redOrbit Staff & Wire Reports – Your Universe Online
Long-anticipated rules that would limit exposure to silica dust in the workplace were proposed by the Occupational Safety and Health Administration (OSHA) on Friday.
According to Neela Banerjee of the Los Angeles Times, the new rules would cut exposure to the tiny particles in half. The proposal was developed “amid mounting evidence that current standards do not protect workers from increased risk of lung cancer and silicosis, a progressive, incurable disease,” she added.
Current silica dust standards for workers in the shipbuilding, railroad and construction industries were established more than four decades ago, Banerjee said. The new standards would establish a legal limit of 50 micrograms per cubic meter of air for workplace silica dust concentrations for all industries, over an eight-hour day.
Previously, separate rules limited construction sector (250 micrograms) and the general and maritime industry (100 micrograms). However, in light of a recent domestic oil and gas boom due largely to the practice of hydraulic fracturing, a 2012 federal study conducted last year demonstrated that an increasing number of workers in the energy sector were increasingly at risk of being exposed to respirable silica dust.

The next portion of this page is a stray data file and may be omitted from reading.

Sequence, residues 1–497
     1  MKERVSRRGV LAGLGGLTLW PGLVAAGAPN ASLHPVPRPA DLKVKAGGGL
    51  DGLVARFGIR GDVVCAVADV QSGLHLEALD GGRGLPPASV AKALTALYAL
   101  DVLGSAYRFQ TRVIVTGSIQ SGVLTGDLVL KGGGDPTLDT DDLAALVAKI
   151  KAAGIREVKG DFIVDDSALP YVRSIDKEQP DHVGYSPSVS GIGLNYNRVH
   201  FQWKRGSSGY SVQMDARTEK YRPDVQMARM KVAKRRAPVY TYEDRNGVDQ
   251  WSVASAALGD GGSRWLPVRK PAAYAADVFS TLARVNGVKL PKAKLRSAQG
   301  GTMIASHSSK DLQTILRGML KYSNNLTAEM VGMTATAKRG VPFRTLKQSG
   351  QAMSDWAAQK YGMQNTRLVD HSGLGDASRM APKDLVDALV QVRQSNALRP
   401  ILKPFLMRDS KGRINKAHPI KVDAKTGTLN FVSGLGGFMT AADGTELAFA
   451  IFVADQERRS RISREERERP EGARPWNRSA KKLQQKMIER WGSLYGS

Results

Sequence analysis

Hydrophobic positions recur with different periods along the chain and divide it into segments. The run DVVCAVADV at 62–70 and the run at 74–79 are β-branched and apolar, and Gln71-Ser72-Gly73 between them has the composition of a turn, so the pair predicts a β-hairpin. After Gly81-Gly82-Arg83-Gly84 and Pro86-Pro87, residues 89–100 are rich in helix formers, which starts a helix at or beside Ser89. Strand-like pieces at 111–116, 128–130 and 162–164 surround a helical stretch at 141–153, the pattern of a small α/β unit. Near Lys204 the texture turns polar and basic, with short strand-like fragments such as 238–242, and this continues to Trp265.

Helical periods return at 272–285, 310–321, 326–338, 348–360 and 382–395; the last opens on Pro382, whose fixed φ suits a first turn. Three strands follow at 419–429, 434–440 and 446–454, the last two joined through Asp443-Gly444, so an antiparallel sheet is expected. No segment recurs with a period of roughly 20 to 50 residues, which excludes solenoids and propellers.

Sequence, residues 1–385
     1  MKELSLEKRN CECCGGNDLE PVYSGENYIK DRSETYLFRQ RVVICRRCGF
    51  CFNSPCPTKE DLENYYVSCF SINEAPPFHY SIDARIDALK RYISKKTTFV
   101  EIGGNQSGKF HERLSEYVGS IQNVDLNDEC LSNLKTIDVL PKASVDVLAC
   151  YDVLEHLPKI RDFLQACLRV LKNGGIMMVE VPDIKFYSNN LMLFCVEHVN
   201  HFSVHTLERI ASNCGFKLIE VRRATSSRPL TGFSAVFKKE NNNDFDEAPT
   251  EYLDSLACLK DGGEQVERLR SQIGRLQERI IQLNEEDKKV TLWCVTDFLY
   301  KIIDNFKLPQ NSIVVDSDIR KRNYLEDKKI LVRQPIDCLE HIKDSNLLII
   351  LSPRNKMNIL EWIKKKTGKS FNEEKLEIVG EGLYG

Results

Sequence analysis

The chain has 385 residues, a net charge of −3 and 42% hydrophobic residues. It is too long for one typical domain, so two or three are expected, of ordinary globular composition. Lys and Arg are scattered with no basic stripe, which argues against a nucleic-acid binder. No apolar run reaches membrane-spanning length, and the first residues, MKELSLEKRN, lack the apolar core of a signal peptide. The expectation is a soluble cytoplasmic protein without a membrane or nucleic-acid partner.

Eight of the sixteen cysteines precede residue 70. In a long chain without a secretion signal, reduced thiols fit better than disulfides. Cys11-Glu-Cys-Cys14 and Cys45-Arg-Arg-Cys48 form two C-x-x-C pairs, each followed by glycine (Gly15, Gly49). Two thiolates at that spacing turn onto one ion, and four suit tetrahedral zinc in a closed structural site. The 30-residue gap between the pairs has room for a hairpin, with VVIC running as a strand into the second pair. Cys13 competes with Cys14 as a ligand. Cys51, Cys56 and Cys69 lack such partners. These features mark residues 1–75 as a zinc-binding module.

OSHA estimates that the new regulations could save as many as 700 lives each year, while also preventing up to 1,600 cases of silicosis annually, according to Wall Street Journal reporter Melanie Trottman. Dr. David Michaels, an assistant secretary in the Labor Department, told Trottman that the rule “uses common sense measures that will protect workers’ lives and lungs – like keeping the material wet so dust doesn’t become airborne.”
Nonetheless, it has already drawn somewhat of a backlash from industrial groups arguing that the changes are unnecessary. Amanda Wood, director of labor and employment policy at the National Association of Manufacturers, told the Wall Street Journal that companies had already taken steps to contain the particles, while the American Foundry Society claims that the proposal would cost the metalcasting industry nearly $1.5 billion annually.
Dr. Michaels also told Steve Greenhouse of the New York Times that the new regulations, which come after a delay of more than two years, would affect over 530,000 businesses – 90 percent of them in the construction industry. He added that the rules would cost industry an average of $1,242 per company (a total of $640 million) to comply, but that the benefits resulting from the OSHA proposal would exceed $4 billion.
“Crystalline silica – tiny particles no more than one-hundredth the size of grains of sand – is created during work with stone, concrete, brick or mortar,” Greenhouse explained. “It can occur during sawing, grinding and drilling and is common in glass manufacturing and sand blasting. One government study found that many workers in hydraulic fracturing, known as fracking, were exposed to 10 times the permissible level of silica.”